Sylvain Cambreling is one of the leading French operatic conductors. He is known for his often startling innovations in many opera productions: in a performance of Mozart's The Marriage of Figaro at the 2001 Salzburg Festival he employed a synthesizer to deliver recitative accompaniments, and at a performance of Janácek's Katya Kabanova, he used some of the composer's songs as transitional material between acts.
Ernst Theodor Wilhelm Hoffmann (Königsberg , January 24, 1776 – Berlin, June 25, 1822), who changed his third name to Amadeus in honour to Mozart, is one of the best-known representatives of German Romanticism, and a pioneer of the fantasy genre, with a taste for the macabre. He was also a jurist, composer, music critic, draftsman and caricaturist.
As a musician, he composed about 80 works, including several operas, among them Aurora (1811-12), after Franz von Holbein, and Undine (1814), after Baron Friedrich de la Motte Fouqué's tale, one symphony, sacred and chamber music, as well as instrumental pieces.
Bregenzs Tales of Hoffmann is different from everything you saw before. The New York Times praised the thoughtfulness and creativity of Stefan Herheims new production, devised by the director as a search for ones own self in a sparkling drag show. A shining-toned (NYT) Hoffmann is embodied by tenor Daniel Johansson in the title role. He is supported by a fantastic cast: Rachel Frenkel is positively ideal as Muse and Niklausse (Kurier), Kerstin Avemo as Olympia is endowed with brilliant, cheekily extemporized coloraturas (Neue Zürcher Zeitung), Michael Volle sings the parts of Lindorf, Coppelius, Dr. Miracle and Dappertutto, the works four villains, with warmth and intensity (NYT) and Mandy Fredrich is a finelyphrased Antonia (Kurier).
This 1972 studio recording is the ultimate Tales Of Hoffman. The recording was originally an LP on the ABC label in the Westminster Legacy issues, but digitally remastered and edited for cd by Deutsche Grammophon. Deutsche Grammophone cd labels are famous for remastering legendary and classic recordings of classical music and opera and they have outdone themselves again with this one. It features virtuoso singers at the top of their game and the orchestra is directed under the baton of the seasoned conductor Julius Rudel.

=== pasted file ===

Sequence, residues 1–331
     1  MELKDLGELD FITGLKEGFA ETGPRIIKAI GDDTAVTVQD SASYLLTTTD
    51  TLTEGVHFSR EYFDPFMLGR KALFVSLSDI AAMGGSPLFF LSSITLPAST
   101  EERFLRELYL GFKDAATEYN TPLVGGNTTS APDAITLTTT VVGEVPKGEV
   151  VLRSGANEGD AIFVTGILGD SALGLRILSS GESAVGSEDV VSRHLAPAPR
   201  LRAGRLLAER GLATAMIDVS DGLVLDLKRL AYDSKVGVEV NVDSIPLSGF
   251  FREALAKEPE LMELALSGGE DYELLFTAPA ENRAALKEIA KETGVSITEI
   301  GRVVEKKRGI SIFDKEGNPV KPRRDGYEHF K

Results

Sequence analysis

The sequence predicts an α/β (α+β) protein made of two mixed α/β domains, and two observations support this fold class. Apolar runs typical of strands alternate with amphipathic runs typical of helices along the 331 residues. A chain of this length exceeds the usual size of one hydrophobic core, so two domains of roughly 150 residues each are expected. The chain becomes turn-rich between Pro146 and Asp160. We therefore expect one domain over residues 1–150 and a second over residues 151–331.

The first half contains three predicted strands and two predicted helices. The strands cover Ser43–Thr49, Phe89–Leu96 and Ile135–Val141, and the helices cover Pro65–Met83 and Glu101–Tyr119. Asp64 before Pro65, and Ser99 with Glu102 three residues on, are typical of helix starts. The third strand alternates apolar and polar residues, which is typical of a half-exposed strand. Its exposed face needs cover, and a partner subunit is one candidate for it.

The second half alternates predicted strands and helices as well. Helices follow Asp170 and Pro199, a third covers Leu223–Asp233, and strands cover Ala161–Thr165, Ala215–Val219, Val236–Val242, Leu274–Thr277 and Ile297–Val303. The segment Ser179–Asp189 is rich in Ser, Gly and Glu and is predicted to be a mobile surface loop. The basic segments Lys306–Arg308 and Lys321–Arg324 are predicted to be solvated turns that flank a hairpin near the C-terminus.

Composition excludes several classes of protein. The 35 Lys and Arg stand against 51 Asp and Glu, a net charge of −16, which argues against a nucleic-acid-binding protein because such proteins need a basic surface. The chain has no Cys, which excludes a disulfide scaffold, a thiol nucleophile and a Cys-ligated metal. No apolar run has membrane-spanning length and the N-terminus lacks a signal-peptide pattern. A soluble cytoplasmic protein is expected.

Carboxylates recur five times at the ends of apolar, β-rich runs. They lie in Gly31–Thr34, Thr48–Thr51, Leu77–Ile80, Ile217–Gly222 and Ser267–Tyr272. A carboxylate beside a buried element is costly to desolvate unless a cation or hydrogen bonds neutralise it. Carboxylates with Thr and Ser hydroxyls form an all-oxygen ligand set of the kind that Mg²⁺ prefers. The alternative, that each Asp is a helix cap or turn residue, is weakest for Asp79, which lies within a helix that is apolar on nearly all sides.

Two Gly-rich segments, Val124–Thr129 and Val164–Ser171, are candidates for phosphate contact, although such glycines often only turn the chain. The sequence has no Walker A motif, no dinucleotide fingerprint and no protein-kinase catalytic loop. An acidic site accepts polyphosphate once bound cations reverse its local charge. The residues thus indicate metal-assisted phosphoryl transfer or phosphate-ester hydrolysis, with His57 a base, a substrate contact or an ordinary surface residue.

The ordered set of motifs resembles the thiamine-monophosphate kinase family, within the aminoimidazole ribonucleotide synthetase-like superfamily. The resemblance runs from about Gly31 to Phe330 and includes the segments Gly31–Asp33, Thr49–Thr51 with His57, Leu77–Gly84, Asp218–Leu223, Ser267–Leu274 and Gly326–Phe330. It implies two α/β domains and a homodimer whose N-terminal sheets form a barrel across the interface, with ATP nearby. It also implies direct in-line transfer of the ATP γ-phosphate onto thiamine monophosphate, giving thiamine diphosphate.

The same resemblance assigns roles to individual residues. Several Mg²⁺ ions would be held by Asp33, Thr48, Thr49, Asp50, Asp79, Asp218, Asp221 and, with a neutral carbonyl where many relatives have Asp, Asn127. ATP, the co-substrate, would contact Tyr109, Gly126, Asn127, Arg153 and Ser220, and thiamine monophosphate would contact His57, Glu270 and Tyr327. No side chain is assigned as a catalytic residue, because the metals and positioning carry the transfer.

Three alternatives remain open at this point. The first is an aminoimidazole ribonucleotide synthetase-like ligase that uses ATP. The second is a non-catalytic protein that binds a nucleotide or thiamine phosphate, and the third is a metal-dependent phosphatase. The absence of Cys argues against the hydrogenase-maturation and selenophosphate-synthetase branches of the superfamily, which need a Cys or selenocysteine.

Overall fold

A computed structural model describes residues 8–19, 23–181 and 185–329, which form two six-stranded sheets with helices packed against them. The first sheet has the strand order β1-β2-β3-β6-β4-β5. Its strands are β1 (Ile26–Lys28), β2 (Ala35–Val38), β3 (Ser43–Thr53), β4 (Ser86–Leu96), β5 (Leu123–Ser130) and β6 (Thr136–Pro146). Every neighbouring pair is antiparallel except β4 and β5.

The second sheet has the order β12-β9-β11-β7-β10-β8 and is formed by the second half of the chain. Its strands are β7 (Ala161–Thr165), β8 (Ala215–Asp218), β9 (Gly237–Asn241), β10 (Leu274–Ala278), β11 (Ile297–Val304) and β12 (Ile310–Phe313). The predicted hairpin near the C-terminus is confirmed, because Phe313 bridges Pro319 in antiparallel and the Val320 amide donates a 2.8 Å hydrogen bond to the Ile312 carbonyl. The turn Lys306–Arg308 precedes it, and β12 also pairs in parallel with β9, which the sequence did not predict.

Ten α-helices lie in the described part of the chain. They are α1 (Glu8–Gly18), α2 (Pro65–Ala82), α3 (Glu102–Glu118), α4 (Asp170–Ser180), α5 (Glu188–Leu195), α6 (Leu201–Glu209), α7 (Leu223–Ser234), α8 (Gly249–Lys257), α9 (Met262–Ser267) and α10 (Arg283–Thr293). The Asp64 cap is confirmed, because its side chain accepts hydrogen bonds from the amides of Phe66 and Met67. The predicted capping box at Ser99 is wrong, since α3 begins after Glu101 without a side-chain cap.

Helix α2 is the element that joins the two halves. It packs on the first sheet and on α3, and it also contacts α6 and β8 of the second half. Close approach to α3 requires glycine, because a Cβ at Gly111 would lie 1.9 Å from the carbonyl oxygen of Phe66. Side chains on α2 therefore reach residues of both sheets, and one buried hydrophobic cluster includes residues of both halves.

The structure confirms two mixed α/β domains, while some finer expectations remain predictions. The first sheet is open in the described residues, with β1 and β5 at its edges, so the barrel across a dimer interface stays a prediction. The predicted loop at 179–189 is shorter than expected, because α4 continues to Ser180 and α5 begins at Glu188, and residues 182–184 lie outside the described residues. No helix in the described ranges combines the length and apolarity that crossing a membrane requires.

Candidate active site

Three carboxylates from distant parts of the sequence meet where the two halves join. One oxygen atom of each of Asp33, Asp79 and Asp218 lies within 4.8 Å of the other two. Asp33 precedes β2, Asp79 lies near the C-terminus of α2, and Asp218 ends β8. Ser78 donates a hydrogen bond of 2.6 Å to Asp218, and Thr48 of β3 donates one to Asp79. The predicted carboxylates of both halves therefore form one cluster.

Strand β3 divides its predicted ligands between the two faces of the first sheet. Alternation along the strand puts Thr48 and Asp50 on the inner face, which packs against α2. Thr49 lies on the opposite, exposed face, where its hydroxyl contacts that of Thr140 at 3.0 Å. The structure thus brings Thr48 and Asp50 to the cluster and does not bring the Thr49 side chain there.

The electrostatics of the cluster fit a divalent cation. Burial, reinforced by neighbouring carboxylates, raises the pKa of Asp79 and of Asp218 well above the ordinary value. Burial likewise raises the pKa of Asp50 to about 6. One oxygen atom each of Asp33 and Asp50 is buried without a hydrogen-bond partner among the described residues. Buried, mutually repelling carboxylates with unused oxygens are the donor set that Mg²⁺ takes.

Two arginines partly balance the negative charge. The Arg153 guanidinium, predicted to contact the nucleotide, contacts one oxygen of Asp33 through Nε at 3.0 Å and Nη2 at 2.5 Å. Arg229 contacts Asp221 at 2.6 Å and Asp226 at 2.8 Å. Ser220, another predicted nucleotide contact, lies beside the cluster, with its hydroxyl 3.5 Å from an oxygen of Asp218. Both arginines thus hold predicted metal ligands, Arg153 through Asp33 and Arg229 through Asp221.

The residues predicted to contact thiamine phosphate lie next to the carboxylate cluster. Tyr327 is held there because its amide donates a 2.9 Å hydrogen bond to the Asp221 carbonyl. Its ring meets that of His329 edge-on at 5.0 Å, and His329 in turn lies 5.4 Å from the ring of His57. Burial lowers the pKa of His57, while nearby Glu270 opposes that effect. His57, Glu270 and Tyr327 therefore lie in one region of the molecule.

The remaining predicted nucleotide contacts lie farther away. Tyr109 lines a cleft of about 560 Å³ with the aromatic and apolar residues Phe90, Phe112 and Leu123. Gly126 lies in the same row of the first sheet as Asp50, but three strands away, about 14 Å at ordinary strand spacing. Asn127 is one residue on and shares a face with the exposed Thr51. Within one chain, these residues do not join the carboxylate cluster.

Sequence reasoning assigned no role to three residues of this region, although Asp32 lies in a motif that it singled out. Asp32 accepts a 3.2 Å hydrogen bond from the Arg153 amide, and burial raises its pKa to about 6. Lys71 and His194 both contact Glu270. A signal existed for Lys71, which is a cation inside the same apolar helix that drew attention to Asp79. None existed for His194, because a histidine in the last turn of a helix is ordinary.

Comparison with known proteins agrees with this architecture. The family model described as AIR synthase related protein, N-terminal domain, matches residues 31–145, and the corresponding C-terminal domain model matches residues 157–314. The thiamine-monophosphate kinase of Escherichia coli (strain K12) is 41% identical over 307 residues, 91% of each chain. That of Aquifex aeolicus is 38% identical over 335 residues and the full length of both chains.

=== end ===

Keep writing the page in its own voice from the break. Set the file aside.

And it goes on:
It was through a colleague of his in the civil service, Regierungsassessor Itzig (later Hitzig), that Hoffmann became acquainted with Schlegel's translations of Calderon in Warsaw in 1804. During an illness in 1807 he again read Schlegel's Spanisches Theater and in it discovered Die Scharpe und die Blume, which for him was an ideal opera subject. Hoffmann began composing the opera in Warsaw, finished it in Berlin, and in the same year, 1807, tried in vain to have it performed at the Berlin National Theater. In addition, the Leipzig music publisher Ambrosius Kuhnel refused to print Hoffmann's compositions. Liebe und E'tfersucht was accepted neither in Vienna, where Itzig established contacts for him, nor at other theaters. Despite two attempts it was also not accepted at the Bamberg Theater (1808 and 1810), where Hoffmann had moved in 1808. When the Bamberg theater director Holbein was appointed to the Wurzburg Theater in 1812, he took the manuscript of the libretto there with him (or had it sent to him there). This is probably why this manuscript found its way into the Wurzburg City Archive, while the score remained with Hoffmann and then after his death was archived in the Royal Library in Berlin (today's German State Library).
This is not quite the most controversial opera video recording of our time (that title would probably go to Valery Gergiev's 1993 Kirov production of Prokofiev's The Fiery Angel), but it is a strong contender. It has, in one package, two tendencies that give special creative tensions to opera production in our time: the musicians' imperative for fidelity to the composer's intentions, and the stage director's impulse to use the story, characters, sets, costumes, etc., as springboards for his own creative imagination. –Joe McLellan